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Saturday, August 17th was the perfect summer day in Los Angeles – a hot sun and cool breezes. That afternoon, the Aratani Courtyard was full of hustle-and-bustle and good cheer – flanked by tables dressed in white and mint, while friends, long-time and new, came together and enjoyed fine wines and the exclusive “Tim Dang Banger” cocktail, inspired by the celebrant of the evening. Parvesh Cheena was our host for the evening, providing lots of laughs and encouraging everyone to join the opportunity drawings and Tim Dang Bingo.

As the sun gave way into dusk, guests enjoyed a delicious dinner al fresco specially created by Chef Glen Ishii of Jist Cafe and shortly made their way into the David Henry Hwang Theater for the show, featuring the best musical performers to grace the EWP stage. Hosted by Reggie Lee, directed by Marilyn Tokuda and musical direction by Nathan Wang, each brought the house down in their own way. Artists who supported the Artistic Family Mosaic project also shared the stage with the performers. Our guest of honor, Tim, shared his heartfelt gratitude for everyone who has supported his journey here at EWP.

After the show, the sun was down and the stars were out, and we enjoyed a variety of desserts by Majestic Caterers while everyone waited excitedly to find out who won prizes!

The event chaired by Lynn Arthurs for the Board of Directors and produced by Alison De La Cruz was a memorable evening indeed.

Thank you for celebrating Tim’s 20th at East West Players!

View photos from “One Night Only: Tim’s 20th!” Photos by Mike Palma.

 

Chef Glen Ishii By Alison De La Cruz

As a foodie and a producer of “One Night Only,” I sat down with Chef Glen Ishii of JiST Café,  East West Players’ newest neighbor in Little Tokyo and chef catering our special event “One Night Only: Tim Dang’s 20th Anniversary” on August 17, 2013.

How did you get started as a chef?

Glen: I guess I got started working for my mom, when I was a kid helping her out in the kitchen at Tokyo Garden doing prep work and cleaning. I then went to college for Hotel & Restaurant Management, and after I went to Japan for a year. It was while I was there that I decided: I think I’ll do this as a career. Then I came back, worked at a restaurant in Marina del Rey and learned classic French cuisine. After, I was just building my work experience.

What was it like growing up in Mom’s kitchen in Little Tokyo?

Glen: Part of it was convenient.  I went to elementary at Maryknoll, it’s now St Francis Xavier school, and then I would walk over after school. As a kid it was fun, something about the kitchen seemed fun. But as a teenager, I always had to work on the weekend so it sucked. Especially during Nisei Week, when all the friends would visit.

You have such a deep history in Little Tokyo. Lots of people are talking about how Little Tokyo is shifting, what are your thoughts?

Glen: Before, everyone used to know each other in Little Tokyo, people knew who my mom was, and I was, because of the area and the restaurant business. But now it’s completely changed. Whether it’s better or worse, I’m not sure, but for business it’s okay. It’s tough from generation to generation, not sure if the younger generation cares anymore. To preserve Little Tokyo, (pause) its tough, most Japanese Americans or Japanese businesses are going to other locations. Working in downtown, I’ve seen the changes. The older generation, like my mother’s, are getting tired and not everyone is going to do what their parents did.

Caroline Shin, Glen’s business partner joins us in the conversation.

So, knowing how Little Tokyo is changing, is there where you always wanted to start your own restaurant or were you looking at other locations around L.A.?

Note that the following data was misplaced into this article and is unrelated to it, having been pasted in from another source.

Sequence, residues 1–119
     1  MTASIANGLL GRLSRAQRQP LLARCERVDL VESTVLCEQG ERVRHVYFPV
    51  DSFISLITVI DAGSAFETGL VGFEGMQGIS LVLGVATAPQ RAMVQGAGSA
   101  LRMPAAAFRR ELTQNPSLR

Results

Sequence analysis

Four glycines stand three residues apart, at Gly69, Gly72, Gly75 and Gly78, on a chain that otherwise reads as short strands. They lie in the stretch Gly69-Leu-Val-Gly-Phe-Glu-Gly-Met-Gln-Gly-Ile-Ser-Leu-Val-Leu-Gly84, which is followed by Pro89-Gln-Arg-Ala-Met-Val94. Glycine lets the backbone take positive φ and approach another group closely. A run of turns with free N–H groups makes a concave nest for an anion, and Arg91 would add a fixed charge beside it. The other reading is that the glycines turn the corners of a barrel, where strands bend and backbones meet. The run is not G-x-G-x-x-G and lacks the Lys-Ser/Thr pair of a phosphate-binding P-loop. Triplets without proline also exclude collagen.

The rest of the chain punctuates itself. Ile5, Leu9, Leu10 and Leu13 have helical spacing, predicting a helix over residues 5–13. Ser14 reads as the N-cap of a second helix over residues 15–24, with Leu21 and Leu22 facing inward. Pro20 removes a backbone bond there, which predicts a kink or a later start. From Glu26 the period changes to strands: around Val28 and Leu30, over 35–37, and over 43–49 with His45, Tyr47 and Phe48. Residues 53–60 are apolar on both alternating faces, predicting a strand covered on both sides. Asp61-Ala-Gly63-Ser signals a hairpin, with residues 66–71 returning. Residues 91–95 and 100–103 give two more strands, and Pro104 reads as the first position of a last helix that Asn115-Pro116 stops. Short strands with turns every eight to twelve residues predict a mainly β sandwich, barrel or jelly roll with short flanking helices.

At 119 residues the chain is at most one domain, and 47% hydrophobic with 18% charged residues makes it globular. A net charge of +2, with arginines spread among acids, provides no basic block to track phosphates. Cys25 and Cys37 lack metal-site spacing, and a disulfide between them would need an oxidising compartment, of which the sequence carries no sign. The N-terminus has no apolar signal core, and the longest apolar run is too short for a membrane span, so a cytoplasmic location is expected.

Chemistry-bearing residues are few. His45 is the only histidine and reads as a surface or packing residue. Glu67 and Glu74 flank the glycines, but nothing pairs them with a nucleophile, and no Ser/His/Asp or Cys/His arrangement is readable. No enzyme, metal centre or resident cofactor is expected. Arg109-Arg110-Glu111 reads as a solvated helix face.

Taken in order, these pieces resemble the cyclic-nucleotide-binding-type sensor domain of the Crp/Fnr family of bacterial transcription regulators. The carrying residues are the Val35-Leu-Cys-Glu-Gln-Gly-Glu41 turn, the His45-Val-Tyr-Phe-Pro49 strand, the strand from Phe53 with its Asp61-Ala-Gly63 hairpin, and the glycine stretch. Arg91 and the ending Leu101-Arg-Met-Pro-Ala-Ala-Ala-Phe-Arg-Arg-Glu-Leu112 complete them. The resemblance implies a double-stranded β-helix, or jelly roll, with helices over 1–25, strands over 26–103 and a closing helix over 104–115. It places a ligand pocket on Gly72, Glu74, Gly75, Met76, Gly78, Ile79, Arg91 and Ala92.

Caroline: It organically worked out that way. When we first started playing with the idea, we didn’t know what kind of restaurant, we just knew it was going to be something. It was just the right timing, his uncle was retiring. But Glen wanted to come back to Little Tokyo, but never planned to come back. In the end, it was kind of like a path that he needed to take.

Glen: It just seemed like it was meant to be for some reason.

Can you tell me about the name JiST Cafe?

Glen: We came up with the name. Caroline had the idea for Gist. Caroline had a J in her name, and it also is a nod to my mom’s name. We wanted to keep the T for Tokyo Café for Tokyo Gardens.

What was your inspiration for JiST’s menu?

Glen: We talked about doing a different kind of concept, but I felt that breakfast was an area that people do right. Plus, I wanted a change of lifestyle; I had been working a dinner service schedule all the time. So I thought this concept of breakfast, doing it this way, would be better for me.

Why breakfast?

Glen: I want people to come in here and have things that are done right, as far as breakfast. People put extra emphasis on dinner, because of a high ticket price, but breakfast is difficult. As a chef, the first thing you learn to make are eggs. People think eggs are easy. But eggs are very difficult, very sensitive.  And going back to our conversation about Little Tokyo, I realized that what Little Tokyo was missing was a breakfast place. I do have some Japanese elements, but Little Tokyo is a mixed crowd, and for the business, I want to cater to a broad crowd.

You’ve been open for a few weeks now, how’s it been going?

Glen: The customers that come in, it’s amazing how many people come to see my mom. And how many people come to see her. People I grew up with, I haven’t seen them in over 20 or 30 years and they’ve come by. It’s just amazing.

Timing with the restaurant, with our partnership, it just seemed like the right time. In life, what I’ve learned, opportunities are always coming your way. If you keep your eyes open you’ll see it. If you don’t, they’ll pass by. When opportunities come, it’s about whether you have the guts to take it. Business is very risky. Caroline was the one who said, “If you don’t take the risk you’ll never know.”

Right now, it’s just fun. Our timing to open this place just happened to fall into place. The timing was right on.

JiST is located at 116 Judge John Aiso St, Los Angeles, California 90012
www.jistcafe.com
Phone: (213) 792-2116